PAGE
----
South Korean food conglomerate CJ Cheiljedang on Monday said it has set plant-based food as the company’s new growth engine, with a sales target of 200 billon won (US$151.9 million) by 2025.
Its main target is overseas markets, CJ said, and it aims to generate 70 percent of its sales outside of Korea.
“As these three trends — health and wellness, sustainability and animal welfare — merge together, plant-based is becoming a global mega trend. We project the global plant-based food market to grow up to 35 trillion won in the next 10 years,” said Jung Hyun-hak, the head of CJ’s plant-based food business, during a press conference in central Seoul.
Plant-based food uses ingredients derived from plants instead of animal protein, such as eggs, fish and red meat.
The global market for plant-based food is estimated at 2.64 trillion won and has been growing by double digits every year, according to CJ. Domestically the market is around the size of 14.1 billion won this year, up 104.3 percent from 2018.
In a bid to target the growing vegan market both in and out of South Korea, CJ launched vegan dumplings and kimchi under its independent plant-based food brand PlanTable last December.
This month, CJ has expanded product offerings under the brand by using Texture Vegetable Protein (TVP), a plant-based protein replacement developed by the company using soy and peas, launching with meatless “tteokgalbi,” grilled short rib patties, and other protein products.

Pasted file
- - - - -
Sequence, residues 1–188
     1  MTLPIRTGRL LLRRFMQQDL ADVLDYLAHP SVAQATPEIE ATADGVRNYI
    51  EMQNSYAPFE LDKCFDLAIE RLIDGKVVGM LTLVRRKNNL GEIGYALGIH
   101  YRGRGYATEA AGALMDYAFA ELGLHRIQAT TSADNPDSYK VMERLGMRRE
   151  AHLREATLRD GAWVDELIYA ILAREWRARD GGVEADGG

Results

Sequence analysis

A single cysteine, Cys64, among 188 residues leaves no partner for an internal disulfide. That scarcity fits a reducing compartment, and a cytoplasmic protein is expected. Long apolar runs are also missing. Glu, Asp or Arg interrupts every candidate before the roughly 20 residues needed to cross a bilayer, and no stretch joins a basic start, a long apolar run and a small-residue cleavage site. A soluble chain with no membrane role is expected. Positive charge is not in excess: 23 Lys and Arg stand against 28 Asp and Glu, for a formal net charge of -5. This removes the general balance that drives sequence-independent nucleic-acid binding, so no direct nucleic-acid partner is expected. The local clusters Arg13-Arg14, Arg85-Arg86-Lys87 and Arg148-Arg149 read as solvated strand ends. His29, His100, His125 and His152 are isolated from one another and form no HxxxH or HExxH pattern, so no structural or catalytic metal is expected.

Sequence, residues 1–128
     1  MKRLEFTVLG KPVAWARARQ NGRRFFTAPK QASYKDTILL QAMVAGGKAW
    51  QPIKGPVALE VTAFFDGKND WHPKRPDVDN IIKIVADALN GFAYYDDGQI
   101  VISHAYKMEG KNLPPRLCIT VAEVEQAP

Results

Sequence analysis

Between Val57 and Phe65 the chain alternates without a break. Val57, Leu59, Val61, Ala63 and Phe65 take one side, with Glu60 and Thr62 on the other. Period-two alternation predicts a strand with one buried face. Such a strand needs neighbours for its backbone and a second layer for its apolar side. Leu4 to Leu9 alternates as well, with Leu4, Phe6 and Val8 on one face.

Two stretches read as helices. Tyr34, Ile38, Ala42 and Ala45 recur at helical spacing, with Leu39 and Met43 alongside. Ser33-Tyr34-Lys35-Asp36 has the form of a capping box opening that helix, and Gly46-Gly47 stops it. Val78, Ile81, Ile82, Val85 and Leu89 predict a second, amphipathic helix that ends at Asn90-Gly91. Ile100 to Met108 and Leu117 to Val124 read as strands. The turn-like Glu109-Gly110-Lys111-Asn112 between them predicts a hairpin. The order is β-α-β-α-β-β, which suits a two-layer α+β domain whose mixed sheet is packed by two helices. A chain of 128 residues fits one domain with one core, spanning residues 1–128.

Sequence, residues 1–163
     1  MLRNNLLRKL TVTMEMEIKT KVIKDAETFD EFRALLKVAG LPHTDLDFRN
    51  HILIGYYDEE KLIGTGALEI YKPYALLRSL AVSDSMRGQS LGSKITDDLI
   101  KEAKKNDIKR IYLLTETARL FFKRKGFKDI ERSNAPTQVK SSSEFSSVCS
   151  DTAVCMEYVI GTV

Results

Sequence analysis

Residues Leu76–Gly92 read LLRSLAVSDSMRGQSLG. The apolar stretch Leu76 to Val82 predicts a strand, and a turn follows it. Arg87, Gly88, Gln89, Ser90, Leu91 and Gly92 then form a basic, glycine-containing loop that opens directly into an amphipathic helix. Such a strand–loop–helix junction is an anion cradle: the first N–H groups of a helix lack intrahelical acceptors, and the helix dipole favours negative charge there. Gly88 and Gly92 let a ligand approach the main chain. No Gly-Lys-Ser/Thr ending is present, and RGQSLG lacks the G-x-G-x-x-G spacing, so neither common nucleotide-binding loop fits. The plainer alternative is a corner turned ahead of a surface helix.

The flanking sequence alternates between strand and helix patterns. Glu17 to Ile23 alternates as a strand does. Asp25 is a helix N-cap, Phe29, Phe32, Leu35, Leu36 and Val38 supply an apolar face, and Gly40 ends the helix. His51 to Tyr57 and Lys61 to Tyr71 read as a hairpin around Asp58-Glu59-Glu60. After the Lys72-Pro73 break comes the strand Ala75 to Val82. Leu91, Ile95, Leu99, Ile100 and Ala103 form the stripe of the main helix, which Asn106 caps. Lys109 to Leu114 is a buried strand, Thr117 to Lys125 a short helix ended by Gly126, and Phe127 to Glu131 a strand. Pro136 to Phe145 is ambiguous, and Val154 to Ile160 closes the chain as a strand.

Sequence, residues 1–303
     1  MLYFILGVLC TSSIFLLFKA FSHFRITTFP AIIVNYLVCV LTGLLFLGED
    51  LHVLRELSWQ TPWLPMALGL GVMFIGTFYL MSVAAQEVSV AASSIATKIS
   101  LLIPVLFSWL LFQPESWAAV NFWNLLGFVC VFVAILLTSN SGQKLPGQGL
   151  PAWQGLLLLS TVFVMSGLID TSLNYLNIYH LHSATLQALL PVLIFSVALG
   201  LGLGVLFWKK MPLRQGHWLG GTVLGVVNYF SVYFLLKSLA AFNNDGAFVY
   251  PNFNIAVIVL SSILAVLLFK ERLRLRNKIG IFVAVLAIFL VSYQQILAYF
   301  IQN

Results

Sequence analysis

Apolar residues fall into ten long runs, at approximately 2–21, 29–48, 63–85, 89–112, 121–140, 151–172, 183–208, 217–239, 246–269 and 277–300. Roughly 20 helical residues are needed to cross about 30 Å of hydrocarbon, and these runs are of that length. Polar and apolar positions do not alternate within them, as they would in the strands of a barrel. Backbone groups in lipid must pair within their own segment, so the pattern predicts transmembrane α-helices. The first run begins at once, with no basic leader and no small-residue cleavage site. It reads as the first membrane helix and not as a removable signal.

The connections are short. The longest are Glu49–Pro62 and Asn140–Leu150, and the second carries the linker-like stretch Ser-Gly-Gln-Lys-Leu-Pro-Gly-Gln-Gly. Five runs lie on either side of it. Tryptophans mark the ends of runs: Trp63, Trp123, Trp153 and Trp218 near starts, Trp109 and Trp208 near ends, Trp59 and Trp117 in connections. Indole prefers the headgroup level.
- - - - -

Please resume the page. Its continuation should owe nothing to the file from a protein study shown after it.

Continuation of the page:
PlanTable products have been sold in 20 countries around the world, including the United States, Japan and Australia, since being launched six months ago.
The food maker is also increasing production capabilities and has built a separate production line in its No. 2 factory in Incheon, about 30 kilometers west of Seoul. The new line has an annual production capacity of 1,000 tons, CJ said.
A plan to add another vegan production plant for its growing global businesses is under consideration, it said.
Its main target is the U.S. and European markets, Jung explained, considering the large number of vegans and mature markets for plant-based alternatives.
CJ also plans to strengthen investments of its in-house ventures, while actively acquiring global food tech startups with related technologies.
Recently, it invested in Green Rebel, an Indonesian food-tech startup, to develop halal foods using K-food ingredients, as well as Miyoko’s Creamery, a California-based alternative dairy startup, last year, to test various products using plant-based butter and cream.
Along with such companies, startups in Southeast Asia and Singapore are also under review, Jung added.
In the field of research and development, CJ plans to continue advancing its TVP products to resemble the texture and taste of real meat, while continuing research in cultured meat, which uses protein sources other than soy, like mycelium extracted from mushrooms and fermented protein.
“Through our plant-based foods, we will complete our goal of globalizing Korean food culture by expanding our operations in developed global markets, such as the United States and Europe,” a company official said.
The story is originally published by Yonhap, via Korea Bizwire.